Wednesday, November 26, 2003

You can't go home again

Weekend, and I start showing the
familiar signs of withdrawl symptoms.
I am edgy, highly strung-up,
hands are twitching, and I know that
I will not last longer
in my present state of abstinence.
I must have it.

Immediately after work,
I rush to the comfort of the
My nerves are calmed, and my
hands are steadied by the sight of all the
racks of enticing books waiting to
be caressed by my hands
and loved by my mind.
I knew I had to buy one book,
to spend my weekend with.

I had waited for long,
for this moment.

After a long debate among
the various goodies available,
I nervously pick up Catcher in the Rye.

As a policy I don’t like to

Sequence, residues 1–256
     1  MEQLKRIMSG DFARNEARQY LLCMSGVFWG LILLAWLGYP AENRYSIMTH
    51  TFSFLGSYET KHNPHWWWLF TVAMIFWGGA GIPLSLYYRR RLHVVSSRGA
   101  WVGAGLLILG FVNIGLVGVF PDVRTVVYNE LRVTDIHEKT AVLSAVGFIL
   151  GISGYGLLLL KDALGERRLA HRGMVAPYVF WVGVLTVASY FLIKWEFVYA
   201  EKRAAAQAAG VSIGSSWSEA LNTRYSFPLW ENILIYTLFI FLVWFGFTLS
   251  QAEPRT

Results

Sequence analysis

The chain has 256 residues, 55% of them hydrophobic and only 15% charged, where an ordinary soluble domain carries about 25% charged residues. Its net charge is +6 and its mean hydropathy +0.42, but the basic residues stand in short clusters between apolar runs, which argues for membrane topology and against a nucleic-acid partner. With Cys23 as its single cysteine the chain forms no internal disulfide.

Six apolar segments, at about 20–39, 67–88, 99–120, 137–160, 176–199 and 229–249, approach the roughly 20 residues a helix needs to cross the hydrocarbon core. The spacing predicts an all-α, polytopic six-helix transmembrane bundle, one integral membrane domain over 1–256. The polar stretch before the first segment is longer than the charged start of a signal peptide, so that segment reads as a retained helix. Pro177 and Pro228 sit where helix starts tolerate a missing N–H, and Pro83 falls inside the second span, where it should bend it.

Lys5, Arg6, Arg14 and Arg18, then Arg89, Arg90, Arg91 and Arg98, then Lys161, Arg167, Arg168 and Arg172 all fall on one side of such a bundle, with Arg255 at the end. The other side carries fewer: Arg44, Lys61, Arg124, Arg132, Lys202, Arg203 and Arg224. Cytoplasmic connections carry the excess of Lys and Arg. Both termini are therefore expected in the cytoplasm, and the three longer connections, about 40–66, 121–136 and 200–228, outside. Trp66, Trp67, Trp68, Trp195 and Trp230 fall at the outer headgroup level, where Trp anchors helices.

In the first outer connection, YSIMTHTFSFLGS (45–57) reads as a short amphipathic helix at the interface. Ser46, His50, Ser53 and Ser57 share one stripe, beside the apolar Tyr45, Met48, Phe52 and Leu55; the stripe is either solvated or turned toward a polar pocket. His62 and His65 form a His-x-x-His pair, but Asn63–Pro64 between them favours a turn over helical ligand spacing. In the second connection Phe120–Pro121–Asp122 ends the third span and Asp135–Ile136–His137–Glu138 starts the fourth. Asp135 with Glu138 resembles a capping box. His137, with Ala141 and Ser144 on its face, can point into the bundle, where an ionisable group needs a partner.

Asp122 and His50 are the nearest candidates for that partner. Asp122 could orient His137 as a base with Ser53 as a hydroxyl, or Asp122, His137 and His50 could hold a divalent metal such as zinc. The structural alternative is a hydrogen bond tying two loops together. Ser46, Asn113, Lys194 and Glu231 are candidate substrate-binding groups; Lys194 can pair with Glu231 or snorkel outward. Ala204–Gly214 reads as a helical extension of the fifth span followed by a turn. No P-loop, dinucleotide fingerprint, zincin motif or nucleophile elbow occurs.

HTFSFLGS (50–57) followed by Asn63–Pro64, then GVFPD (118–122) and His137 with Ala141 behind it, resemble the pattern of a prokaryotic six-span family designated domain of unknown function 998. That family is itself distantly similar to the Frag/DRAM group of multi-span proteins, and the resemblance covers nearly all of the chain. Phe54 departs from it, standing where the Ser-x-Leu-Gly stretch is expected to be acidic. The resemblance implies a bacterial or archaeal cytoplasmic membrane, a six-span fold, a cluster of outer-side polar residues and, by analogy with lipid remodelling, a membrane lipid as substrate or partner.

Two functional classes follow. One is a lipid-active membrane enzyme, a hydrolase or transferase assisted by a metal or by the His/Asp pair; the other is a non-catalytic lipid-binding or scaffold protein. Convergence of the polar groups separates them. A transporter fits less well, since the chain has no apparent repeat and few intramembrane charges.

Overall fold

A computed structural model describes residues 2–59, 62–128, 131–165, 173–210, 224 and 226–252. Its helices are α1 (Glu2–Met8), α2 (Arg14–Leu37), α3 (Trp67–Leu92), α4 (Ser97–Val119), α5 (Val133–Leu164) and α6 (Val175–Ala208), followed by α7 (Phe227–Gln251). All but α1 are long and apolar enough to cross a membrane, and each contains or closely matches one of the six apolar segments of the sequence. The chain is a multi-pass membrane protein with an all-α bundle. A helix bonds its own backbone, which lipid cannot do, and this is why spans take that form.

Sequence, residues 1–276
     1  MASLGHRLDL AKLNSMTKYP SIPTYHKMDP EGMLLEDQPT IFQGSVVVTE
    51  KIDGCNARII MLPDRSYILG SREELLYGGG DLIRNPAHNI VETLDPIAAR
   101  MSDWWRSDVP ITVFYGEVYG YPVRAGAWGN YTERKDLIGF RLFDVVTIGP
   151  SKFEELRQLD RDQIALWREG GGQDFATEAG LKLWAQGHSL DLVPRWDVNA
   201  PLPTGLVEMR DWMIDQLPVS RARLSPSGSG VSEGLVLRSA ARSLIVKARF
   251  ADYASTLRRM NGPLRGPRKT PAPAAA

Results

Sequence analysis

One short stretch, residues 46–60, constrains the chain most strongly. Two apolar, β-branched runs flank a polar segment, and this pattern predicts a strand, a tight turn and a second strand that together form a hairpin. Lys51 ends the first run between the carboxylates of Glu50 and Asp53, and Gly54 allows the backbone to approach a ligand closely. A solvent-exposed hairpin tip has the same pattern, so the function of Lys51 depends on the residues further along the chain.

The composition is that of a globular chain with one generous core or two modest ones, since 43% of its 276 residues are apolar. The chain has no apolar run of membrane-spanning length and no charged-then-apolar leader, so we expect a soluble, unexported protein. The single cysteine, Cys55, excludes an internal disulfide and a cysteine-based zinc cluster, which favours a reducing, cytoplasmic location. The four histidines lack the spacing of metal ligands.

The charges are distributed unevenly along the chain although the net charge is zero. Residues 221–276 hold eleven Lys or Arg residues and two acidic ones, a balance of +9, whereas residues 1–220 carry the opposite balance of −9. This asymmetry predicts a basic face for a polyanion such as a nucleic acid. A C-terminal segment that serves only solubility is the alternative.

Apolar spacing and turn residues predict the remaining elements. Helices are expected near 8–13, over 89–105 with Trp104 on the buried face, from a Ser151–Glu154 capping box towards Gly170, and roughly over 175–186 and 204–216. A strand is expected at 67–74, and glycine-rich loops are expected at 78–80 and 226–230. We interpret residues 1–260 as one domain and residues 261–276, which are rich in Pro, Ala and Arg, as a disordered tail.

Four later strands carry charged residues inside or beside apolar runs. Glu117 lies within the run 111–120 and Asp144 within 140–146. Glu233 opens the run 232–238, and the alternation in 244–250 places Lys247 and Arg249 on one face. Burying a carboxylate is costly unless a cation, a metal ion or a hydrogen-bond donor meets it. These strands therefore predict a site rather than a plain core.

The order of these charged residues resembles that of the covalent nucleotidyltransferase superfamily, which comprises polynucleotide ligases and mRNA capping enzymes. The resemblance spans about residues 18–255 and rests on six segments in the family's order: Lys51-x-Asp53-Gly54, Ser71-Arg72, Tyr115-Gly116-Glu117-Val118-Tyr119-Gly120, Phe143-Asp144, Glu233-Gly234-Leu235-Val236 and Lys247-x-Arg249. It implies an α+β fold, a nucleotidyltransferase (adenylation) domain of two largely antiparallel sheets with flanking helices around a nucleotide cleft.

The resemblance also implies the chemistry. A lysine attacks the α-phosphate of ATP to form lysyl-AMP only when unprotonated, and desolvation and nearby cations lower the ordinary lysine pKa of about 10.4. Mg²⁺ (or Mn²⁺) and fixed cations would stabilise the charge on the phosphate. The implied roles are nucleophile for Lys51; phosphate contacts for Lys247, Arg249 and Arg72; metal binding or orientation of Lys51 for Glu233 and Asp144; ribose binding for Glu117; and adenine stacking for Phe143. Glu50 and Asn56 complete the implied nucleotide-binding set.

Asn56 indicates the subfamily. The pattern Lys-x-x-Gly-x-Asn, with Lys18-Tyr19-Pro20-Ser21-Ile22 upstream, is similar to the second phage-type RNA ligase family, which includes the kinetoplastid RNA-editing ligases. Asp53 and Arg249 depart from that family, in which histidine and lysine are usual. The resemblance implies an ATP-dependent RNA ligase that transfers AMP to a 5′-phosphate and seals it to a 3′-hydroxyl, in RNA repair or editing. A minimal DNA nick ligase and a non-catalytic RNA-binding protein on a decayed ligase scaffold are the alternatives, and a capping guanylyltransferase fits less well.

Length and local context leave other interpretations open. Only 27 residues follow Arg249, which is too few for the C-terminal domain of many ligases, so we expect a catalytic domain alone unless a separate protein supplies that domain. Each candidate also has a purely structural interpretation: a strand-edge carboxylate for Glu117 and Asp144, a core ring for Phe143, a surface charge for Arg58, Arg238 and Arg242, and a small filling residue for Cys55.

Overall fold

re-read, but somehow, I felt I must
read this classic again.

So spent the weekend reading the
book at one stretch.
And in the end, felt hollow,
hurt, cheated, disappointed.

Years ago, I had bought the book
for a couple of bucks from a roadside
second hand book stall.
And had gone crazy over it.
Holden Caulfield felt so real and everyone
else seemed phony. I cried when I
read of his unrequited love for Jane.
He became my hero, and I imitated
him to the bit of even flunking a term.
J.D. Salinger became my idol.

But today, I’m older and cynical.
I find the book so amateurish, so
immature. And sadly, it is Holden Caulfield
who seems so phony. I fail to understand
what was in this book that had attracted me,
and made me swear my life by it .

What did I see then, that I don’t
see now?

J.D. Salinger doesn’t hold
me in awe anymore. But for his
single masterpiece Franny,
I don’t even think of him.

I realize that books that we once loved when
we were young, are like our long
lost heart throbs.
At best, they are great experiences, freeze shots
of some phase in our life. To be
preserved in memories.

But never, to be re met or re read.


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